Holding the Line.

Wednesday, May 21, 2008

A Meme - Please Read Dresden Codak

1. The rules of the game get posted at the beginning.
2. Each player answers the questions about themselves.
3. At the end of the post, the player then tags 5-6 people and posts their names, then goes to their blogs and leaves them a comment, letting them know they’ve been tagged and asking them to read the player’s blog.
4. Let the person who tagged you know when you’ve posted your answer.

A Meme about Various Things

What were you doing ten years ago?
I had just graduated from middle school. I know. I'm a young'un.

What are five things on your to-do list for today (not in any particular order)?
Continue packing for my move to VA, sketch a character design, write at least one scene, come up with a plan to get revenge on the cat across the street for biting me (this involves a water hose) and purchasing a cherry limeade from Sonic

What are some snacks you enjoy?
peanut butter, fudge rounds, string cheese

What would you do if you were a billionaire?
pay off my student loan for grad school, go on a cruise with Bear, have a house in Alaska and one in South Texas near Galveston, write

What are five places where you have lived?
Little Rock, AR, Texarkana, TX, Nash, TX, Red Lick, TX and soon, Richmond, VA

What are five jobs you have had?
clerk at Office Depot, receptionist at Coldwell Banker, manager at a rental properties place, a tutor at university, and soon a tutor at VCU

What were the last five books you read?
Jostein Gaardener's Sophie's World
Michael Chabon's The Amazing Adventures of Kavalier and Clay
Phillip Pullman's His Dark Materials Trilogy
David Peterson's Mouse Guard
Ray Bradbury's Fahrenheit 451

What are five web sites you visit daily (in no particular order)?
The Dresden Codak
Rice Boy
Hawty McBloggy Invites You to Play

And I Tag You!
Joce the Potter
Crystal King
Jaye Patrick
Qualcosa di Bello
Stace Dumoski

So say we all.

Thursday, May 8, 2008

And So I Said Goodbye and Hello

I know I haven't posted in a long time. With my undergraduate career ending on Saturday, my farewell to friends at graduation and saying goodbye to Bear, I sort of feel like I've been kicked in the guts, had my heart ripped out and been handed the greatest opportunity in the world, all in the same instant. Needless to say, I'm exhausted.

Since leaving the Rock, I've whittled everything I own down to only what is most important. I'll be driving to Richmond, VA with all my belongings in two cars. This includes headboards for a 100-year-old bed, a desk and all of my books. This may not sound so hard, but believe me. It is. I love my books.

I'm looking forward to it though. I'm tired of living in a box, in a crappy dorm room where the walls are paper thin and the windows mold. While I adored my suitemates, I'm ready to live alone.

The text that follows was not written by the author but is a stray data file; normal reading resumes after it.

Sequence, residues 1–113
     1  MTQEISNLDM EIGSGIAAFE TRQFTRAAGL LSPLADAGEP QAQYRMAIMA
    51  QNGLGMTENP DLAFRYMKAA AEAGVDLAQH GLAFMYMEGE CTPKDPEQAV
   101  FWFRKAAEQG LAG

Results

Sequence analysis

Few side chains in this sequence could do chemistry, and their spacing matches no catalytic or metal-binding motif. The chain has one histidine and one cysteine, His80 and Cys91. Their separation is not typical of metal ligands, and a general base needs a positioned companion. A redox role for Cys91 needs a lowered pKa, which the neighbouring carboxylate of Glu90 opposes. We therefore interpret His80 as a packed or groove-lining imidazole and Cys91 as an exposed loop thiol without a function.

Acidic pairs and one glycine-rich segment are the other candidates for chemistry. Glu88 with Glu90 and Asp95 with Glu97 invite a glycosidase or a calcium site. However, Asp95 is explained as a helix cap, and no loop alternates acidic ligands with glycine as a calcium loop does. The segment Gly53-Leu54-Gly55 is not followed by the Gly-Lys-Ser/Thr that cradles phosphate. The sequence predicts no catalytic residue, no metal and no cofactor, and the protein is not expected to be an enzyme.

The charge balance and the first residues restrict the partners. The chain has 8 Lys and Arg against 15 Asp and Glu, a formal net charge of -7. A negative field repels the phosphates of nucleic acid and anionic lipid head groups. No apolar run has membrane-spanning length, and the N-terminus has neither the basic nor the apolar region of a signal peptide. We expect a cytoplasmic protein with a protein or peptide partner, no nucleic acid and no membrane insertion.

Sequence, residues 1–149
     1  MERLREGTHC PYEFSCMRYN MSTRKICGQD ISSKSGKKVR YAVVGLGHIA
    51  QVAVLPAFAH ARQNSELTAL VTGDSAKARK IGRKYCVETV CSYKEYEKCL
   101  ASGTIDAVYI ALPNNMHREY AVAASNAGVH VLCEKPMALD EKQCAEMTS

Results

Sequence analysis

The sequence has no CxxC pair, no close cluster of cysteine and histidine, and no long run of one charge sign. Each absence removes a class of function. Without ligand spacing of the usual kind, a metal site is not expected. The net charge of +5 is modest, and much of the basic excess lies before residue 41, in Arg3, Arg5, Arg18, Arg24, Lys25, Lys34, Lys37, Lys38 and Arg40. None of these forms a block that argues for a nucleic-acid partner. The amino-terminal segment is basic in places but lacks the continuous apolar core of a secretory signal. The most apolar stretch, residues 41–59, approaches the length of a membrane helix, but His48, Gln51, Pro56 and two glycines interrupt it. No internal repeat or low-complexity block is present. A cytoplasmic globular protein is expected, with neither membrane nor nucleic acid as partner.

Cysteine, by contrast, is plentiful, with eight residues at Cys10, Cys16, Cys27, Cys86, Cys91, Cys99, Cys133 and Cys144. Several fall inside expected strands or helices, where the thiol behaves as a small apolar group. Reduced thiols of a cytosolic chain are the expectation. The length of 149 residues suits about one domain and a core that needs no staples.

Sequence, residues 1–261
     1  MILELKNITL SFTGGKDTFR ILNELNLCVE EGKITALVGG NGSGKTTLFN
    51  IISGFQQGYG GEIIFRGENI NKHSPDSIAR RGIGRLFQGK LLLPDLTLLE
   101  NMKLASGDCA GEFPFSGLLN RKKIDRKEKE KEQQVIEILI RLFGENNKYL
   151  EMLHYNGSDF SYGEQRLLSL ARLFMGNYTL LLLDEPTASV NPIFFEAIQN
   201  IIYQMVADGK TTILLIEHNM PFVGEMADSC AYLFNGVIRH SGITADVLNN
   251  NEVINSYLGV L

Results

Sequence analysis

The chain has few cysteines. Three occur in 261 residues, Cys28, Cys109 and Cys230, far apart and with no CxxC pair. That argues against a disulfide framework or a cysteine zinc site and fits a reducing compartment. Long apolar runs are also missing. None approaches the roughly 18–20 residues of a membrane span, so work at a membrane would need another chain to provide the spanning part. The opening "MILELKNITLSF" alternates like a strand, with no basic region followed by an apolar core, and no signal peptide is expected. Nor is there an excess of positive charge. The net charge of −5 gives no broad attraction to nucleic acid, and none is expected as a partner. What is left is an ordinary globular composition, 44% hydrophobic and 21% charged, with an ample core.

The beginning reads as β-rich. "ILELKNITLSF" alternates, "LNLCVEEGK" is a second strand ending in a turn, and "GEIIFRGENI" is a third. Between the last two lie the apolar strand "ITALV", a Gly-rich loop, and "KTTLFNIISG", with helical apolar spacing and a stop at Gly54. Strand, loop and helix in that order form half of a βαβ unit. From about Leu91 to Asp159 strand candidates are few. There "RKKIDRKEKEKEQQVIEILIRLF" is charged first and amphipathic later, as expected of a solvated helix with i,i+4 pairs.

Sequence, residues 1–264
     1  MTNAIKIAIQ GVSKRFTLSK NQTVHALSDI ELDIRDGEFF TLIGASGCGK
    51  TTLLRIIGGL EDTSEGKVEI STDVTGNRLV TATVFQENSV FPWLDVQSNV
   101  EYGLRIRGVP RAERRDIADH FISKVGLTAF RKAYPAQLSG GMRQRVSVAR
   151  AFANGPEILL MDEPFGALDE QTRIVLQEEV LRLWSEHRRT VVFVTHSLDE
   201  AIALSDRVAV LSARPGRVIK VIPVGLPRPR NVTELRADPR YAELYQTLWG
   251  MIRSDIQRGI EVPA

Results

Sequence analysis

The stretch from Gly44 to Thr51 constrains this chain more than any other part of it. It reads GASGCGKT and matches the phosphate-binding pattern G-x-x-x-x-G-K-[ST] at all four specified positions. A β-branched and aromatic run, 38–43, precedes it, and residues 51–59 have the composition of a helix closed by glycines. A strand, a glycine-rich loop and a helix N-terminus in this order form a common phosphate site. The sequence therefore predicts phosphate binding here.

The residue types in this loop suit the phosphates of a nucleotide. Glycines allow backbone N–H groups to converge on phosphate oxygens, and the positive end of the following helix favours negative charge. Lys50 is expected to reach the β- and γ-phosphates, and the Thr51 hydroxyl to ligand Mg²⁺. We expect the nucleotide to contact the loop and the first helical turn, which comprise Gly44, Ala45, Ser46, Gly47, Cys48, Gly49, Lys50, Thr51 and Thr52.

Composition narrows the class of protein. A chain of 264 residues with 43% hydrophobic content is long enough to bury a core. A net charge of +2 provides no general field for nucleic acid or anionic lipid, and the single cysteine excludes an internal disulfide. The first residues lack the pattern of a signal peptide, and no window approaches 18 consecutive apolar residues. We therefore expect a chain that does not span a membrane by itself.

Right now, my living room looks like a bomb went off, with boxes of books piled high and DVDs scattered on the tables. As soon as I get all this squared away though, I'll be able to paint, to write and get a few things in order before I head to the rest of my life. Wish me luck.

So say we all.

Thursday, April 3, 2008

Some Sketches and Thoughts on Cormac

Graduate School and Thesis
As the semester draws to a close and I wade through the final weeks of undergraduate assignments, I can barely contain my excitement about living in Richmond and being so near the coast. The fact that I have a teaching assistantship and three years of graduate school waiting for me in Virginia has taken the edge off of anything my professors could say.

With this newfound independence and sense of self, I've plunged ahead on my thesis, further developing themes and characters in the hopes that it'll be ready in May. I'm a little nervous because think a common misconception about fantasy is that it's full of cliches and flashy anime-style fight scenes.

I've actively worked to write past these tropes. My characters are neither good nor bad; they're just people. I find that a solidly good character is boring and a completely wicked character is predictable. Complicated characters, unsure of their own decisions and beliefs, are much more sympathetic and much more believable.

No Country
Last week, Bear and I went to Target and I picked up No Country for Old Men, the movie and the book. I've adored Cormac McCarthy for almost a year after I read The Road, so when I heard he wrote No Country for Old Men, I knew I had to have it. I finished the book in one night. I walked over the Bear's apartment and we watched the flick as soon as I was finished.
The crime you see now, it's hard to even take its measure. It's not that I'm afraid of it. I always knew you had to be willing to die to even do this job. But I don't want to push my chips forward and meet something I don't understand. A man would have to put his soul at hazard.